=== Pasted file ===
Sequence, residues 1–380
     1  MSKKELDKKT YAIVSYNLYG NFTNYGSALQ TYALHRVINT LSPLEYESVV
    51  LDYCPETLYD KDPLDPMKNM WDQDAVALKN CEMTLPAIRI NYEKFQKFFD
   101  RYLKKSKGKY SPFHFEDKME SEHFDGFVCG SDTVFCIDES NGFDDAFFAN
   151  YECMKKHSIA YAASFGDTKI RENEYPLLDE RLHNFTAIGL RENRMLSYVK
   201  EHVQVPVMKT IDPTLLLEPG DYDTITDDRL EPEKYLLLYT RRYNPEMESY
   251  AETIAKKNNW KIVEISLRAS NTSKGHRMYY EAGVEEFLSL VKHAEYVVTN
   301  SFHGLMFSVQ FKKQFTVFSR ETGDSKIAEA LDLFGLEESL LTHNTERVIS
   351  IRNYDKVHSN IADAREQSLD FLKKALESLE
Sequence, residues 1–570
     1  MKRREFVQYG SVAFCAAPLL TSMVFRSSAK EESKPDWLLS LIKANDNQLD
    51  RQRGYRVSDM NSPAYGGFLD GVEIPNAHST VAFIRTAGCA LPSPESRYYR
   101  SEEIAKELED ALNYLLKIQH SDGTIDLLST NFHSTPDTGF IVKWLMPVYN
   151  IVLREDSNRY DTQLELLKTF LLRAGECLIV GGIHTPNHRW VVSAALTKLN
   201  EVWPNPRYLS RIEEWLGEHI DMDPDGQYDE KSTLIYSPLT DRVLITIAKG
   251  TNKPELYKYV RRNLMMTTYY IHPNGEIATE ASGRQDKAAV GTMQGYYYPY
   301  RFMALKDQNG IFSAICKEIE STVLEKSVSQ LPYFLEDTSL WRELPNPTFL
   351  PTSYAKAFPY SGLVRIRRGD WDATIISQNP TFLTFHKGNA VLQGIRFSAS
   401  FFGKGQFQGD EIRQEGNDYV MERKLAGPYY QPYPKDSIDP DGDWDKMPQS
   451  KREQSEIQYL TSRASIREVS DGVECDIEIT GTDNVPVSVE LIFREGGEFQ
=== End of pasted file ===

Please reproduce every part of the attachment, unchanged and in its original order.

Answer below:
Sequence, residues 1–380
     1  MSKKELDKKT YAIVSYNLYG NFTNYGSALQ TYALHRVINT LSPLEYESVV
    51  LDYCPETLYD KDPLDPMKNM WDQDAVALKN CEMTLPAIRI NYEKFQKFFD
   101  RYLKKSKGKY SPFHFEDKME SEHFDGFVCG SDTVFCIDES NGFDDAFFAN
   151  YECMKKHSIA YAASFGDTKI RENEYPLLDE RLHNFTAIGL RENRMLSYVK
   201  EHVQVPVMKT IDPTLLLEPG DYDTITDDRL EPEKYLLLYT RRYNPEMESY
   251  AETIAKKNNW KIVEISLRAS NTSKGHRMYY EAGVEEFLSL VKHAEYVVTN
   301  SFHGLMFSVQ FKKQFTVFSR ETGDSKIAEA LDLFGLEESL LTHNTERVIS
   351  IRNYDKVHSN IADAREQSLD FLKKALESLE
Sequence, residues 1–570
     1  MKRREFVQYG SVAFCAAPLL TSMVFRSSAK EESKPDWLLS LIKANDNQLD
    51  RQRGYRVSDM NSPAYGGFLD GVEIPNAHST VAFIRTAGCA LPSPESRYYR
   101  SEEIAKELED ALNYLLKIQH SDGTIDLLST NFHSTPDTGF IVKWLMPVYN
   151  IVLREDSNRY DTQLELLKTF LLRAGECLIV GGIHTPNHRW VVSAALTKLN
   201  EVWPNPRYLS RIEEWLGEHI DMDPDGQYDE KSTLIYSPLT DRVLITIAKG
   251  TNKPELYKYV RRNLMMTTYY IHPNGEIATE ASGRQDKAAV GTMQGYYYPY
   301  RFMALKDQNG IFSAICKEIE STVLEKSVSQ LPYFLEDTSL WRELPNPTFL
   351  PTSYAKAFPY SGLVRIRRGD WDATIISQNP TFLTFHKGNA VLQGIRFSAS
   401  FFGKGQFQGD EIRQEGNDYV MERKLAGPYY QPYPKDSIDP DGDWDKMPQS
   451  KREQSEIQYL TSRASIREVS DGVECDIEIT GTDNVPVSVE LIFREGGEFQ